Durbin: Trump pressuring acting AG in Cohen probe is 'no surprise'

Sen. Dick DurbinRichard (Dick) Joseph DurbinLet's stop treating student borrowers like second-class citizens Trump's immigration push faces Capitol Hill buzzsaw Hillicon Valley: Trump takes flak for not joining anti-extremism pact | Phone carriers largely end sharing of location data | Huawei pushes back on ban | Florida lawmakers demand to learn counties hacked by Russians | Feds bust 0M cybercrime group MORE (D-Ill.) said Wednesday that it's "no surprise" President TrumpDonald John TrumpThe Hill's Morning Report - White House, Congress: Urgency of now around budget GOP presses Trump to make a deal on spending Democrats wary of handing Trump a win on infrastructure MORE reportedly pressed the then-acting attorney general to get one of Trump's allies in the U.S. attorney's office to oversee an investigation into Michael Cohen.

"When someone in elected office reaches out to a prosecutor to try to influence their decision making or even remove them, I think there’s a presumption you’re stepping over the line," Durbin, the second-ranking Democrat in the Senate, said on CNN.

"And in this case with the president, there have been so many instances in the last two years plus, it’s no surprise," he added.

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The New York Times reported Tuesday that Trump asked then-acting Attorney General Matthew Whitaker late last year to put U.S. Attorney Geoffrey Berman in charge of the Southern District of New York's investigation into Cohen, Trump's former personal lawyer.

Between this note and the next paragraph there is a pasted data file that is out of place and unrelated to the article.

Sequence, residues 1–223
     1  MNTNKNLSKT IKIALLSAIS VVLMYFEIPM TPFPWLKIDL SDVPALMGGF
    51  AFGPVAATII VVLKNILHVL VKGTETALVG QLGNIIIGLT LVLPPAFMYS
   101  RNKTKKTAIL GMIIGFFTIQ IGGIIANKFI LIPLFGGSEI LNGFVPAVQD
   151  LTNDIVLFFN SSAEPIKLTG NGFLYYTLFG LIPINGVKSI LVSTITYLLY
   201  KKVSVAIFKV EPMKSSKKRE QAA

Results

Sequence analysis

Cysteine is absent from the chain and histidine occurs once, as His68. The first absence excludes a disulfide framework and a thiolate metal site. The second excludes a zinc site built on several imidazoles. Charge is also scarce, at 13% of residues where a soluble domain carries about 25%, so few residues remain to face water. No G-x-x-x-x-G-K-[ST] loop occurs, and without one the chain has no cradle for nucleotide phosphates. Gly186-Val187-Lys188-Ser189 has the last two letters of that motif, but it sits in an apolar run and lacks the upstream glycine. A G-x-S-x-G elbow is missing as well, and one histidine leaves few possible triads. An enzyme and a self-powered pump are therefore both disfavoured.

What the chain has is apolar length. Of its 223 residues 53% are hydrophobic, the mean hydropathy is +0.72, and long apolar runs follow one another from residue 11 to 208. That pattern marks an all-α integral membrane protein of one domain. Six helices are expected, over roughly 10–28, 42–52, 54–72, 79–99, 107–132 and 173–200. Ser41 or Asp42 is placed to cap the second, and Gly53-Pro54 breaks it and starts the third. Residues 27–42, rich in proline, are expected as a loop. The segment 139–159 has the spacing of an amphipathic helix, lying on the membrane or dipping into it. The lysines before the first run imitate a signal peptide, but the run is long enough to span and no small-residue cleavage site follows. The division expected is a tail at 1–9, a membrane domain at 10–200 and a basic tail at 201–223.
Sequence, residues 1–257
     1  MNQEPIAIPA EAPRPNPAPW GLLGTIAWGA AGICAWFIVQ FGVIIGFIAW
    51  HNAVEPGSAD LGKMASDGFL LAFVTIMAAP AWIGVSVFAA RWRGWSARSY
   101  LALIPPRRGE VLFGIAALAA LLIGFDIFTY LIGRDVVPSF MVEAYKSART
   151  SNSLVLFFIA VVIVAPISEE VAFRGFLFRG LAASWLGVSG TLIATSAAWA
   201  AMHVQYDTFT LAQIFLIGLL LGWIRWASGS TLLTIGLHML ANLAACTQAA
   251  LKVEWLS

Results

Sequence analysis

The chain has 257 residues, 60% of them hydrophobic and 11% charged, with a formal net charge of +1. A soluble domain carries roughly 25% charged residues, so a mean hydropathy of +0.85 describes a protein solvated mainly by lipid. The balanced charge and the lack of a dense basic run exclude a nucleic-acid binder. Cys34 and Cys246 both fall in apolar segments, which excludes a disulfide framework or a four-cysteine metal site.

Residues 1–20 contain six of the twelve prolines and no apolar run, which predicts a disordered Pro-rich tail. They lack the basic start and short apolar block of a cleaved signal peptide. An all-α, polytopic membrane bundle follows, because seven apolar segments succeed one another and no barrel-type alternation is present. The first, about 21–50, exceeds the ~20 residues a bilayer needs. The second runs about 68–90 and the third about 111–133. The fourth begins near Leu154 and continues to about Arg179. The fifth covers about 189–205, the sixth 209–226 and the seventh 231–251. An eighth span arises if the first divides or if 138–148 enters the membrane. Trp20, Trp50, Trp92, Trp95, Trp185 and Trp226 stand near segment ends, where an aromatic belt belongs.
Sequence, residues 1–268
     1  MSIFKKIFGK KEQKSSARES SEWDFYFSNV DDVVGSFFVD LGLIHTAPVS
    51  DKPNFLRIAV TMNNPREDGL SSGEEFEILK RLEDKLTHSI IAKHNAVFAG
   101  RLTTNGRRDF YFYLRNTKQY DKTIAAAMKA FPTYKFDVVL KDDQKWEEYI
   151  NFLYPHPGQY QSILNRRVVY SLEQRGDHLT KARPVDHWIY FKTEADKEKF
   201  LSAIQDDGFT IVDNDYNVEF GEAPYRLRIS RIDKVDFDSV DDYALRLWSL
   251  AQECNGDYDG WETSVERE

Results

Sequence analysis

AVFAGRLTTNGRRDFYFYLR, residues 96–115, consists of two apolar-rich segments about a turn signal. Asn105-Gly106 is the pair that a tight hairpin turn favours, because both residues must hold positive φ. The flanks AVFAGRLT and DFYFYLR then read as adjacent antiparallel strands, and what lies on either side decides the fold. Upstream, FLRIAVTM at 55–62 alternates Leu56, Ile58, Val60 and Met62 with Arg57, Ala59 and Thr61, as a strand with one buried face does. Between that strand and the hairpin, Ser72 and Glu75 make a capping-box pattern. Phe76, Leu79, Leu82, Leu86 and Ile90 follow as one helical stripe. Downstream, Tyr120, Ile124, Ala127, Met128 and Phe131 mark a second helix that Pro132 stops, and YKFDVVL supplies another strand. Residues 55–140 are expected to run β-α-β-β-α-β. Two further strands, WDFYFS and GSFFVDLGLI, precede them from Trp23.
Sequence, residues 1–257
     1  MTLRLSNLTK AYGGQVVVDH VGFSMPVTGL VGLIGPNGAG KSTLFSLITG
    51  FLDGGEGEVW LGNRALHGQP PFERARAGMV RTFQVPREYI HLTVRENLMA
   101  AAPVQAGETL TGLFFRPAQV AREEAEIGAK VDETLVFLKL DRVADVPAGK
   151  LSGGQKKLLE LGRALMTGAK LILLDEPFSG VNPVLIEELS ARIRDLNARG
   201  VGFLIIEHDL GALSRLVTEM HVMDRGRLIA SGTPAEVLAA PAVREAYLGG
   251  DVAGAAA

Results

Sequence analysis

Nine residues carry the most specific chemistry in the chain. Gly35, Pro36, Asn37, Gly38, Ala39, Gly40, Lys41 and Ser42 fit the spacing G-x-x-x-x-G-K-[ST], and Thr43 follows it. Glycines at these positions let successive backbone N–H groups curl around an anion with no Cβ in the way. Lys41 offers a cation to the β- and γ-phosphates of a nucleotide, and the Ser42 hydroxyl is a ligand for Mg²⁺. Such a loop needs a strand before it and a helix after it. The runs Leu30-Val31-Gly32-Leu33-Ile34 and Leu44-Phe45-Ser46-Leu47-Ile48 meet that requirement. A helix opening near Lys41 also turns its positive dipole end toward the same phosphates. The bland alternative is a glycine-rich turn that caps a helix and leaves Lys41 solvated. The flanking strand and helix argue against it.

Berman, an ally of Trump who donated to his 2016 campaign, had recused himself from the investigation over a conflict of interest, and Whitaker apparently did not act on Trump's request.

The investigation ultimately led to Cohen pleading guilty to counts of bank fraud, tax fraud and campaign finance violations, charges related to hush money payments during the 2016 campaign to women who alleged they had affairs with Trump.

The Times cited Trump's push for Berman to head the investigation as one example of how the president has sought to influence the probes into his presidency and his associates.

Trump denied the report on Tuesday, calling it "more fake news."

On Wednesday morning, he ratcheted up his criticism.

"The New York Times reporting is false," Trump tweeted. "They are a true ENEMY OF THE PEOPLE!"